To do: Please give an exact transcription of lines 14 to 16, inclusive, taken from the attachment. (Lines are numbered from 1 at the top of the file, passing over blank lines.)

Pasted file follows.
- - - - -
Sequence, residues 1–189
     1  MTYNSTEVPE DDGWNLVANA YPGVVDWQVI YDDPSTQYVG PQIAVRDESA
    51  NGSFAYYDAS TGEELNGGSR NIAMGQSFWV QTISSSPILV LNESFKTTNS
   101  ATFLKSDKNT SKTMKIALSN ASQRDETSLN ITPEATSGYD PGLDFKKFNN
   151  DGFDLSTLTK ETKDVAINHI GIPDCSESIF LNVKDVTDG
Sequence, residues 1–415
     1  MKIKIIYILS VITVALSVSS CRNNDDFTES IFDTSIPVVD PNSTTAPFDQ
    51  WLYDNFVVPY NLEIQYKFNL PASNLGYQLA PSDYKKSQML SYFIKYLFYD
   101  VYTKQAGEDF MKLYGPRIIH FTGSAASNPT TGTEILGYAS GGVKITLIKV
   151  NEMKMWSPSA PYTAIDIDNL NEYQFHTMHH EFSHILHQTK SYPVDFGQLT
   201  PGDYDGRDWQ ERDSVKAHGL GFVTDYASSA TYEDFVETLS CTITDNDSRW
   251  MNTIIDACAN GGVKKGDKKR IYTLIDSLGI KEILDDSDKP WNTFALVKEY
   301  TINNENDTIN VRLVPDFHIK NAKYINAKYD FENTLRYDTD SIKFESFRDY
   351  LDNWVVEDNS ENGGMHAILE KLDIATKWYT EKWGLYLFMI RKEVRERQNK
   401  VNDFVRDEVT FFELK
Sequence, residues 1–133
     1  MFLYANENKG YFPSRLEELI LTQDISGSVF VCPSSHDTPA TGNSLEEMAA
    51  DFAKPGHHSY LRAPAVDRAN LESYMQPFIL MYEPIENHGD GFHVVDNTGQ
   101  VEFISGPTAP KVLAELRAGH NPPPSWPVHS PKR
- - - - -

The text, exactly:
   351  LDNWVVEDNS ENGGMHAILE KLDIATKWYT EKWGLYLFMI RKEVRERQNK
   401  VNDFVRDEVT FFELK
Sequence, residues 1–133